Airbag Safety System

Invented by Carl Clark, Class of 1945

Clark began working with airbags when he was head of the Life Sciences Division of the Engineering Department at Martin Company in Baltimore in the mid-1960s. He first proposed the use of airbags to protect astronauts in crash landings of spacecraft, then went on to experiment with airbag systems for military airplanes and commercial airliners.

Recognizing that far more people die on the road than in the air each year, he developed and extensively tested the Airstop Restraint System for cars, the first practical automotive airbag safety system. Clark's system incorporated multiple reusable airbags that inflated when a radar system sensed an imminent crash. (Today's airbags are triggered explosively upon impact.) Clarke's promotion of the benefits of airbags (including the first published reference to side airbags) at conferences and before Congress is credited with helping convince automakers to begin seriously investigating the practicality of adding airbag systems to cars.

As a scientist at the National Highway Traffic Safety Administration from 1977 to 1990 and as founder of Safety Systems Company, he continued to pursue new ideas that can save lives on the road. Based on his own research, he has advocated for the use of laminated safety glass (combined with a T-shaped restraining strip he invented) in the side windows of cars, which could prevent laceration injuries and ejections during accidents. He has also developed an airbag bumper that would project several feet in front of the car just prior to a crash, triggered by the same kind of radar detection system he originally proposed using with driver and passenger airbags. Tests show the system could protect occupants from serious injury in a crash into a wall at up to 50 miles per hour.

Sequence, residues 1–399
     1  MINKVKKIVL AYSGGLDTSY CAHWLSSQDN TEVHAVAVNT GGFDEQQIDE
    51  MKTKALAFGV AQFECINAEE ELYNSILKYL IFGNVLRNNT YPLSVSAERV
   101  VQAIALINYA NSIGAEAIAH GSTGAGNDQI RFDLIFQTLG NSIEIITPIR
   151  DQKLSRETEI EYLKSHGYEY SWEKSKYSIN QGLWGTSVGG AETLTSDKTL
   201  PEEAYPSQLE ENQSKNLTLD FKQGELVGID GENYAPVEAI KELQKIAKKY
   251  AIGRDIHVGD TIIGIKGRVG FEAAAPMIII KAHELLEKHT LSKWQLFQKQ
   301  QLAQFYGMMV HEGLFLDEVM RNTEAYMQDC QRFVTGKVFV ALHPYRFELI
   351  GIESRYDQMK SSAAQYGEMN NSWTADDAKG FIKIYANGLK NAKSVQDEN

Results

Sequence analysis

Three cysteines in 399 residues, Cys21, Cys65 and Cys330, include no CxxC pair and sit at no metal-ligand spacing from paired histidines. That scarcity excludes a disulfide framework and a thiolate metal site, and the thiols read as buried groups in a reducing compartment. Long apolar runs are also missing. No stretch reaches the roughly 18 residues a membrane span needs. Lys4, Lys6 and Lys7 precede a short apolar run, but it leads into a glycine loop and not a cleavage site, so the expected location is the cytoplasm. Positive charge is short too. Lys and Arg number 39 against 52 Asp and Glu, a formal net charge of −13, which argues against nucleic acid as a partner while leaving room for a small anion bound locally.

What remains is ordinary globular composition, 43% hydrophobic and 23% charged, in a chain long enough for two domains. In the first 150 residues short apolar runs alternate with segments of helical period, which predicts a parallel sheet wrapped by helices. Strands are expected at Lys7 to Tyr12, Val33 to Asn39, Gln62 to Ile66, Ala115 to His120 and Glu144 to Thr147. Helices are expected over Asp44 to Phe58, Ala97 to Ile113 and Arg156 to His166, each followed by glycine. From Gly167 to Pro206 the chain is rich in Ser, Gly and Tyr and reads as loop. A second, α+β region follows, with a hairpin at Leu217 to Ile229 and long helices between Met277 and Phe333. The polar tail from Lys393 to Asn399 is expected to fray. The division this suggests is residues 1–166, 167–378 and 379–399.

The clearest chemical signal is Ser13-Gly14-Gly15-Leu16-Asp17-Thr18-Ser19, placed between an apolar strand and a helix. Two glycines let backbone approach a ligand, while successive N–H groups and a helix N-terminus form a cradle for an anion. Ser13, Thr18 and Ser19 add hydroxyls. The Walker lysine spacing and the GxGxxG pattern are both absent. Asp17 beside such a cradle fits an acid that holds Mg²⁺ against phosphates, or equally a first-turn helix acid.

Earlier in his career, Clark made pioneering contributions to the field of dynamic flight simulation, developing computerized flight simulators for pilots in the X-15 program and for the seven Mercury astronauts.

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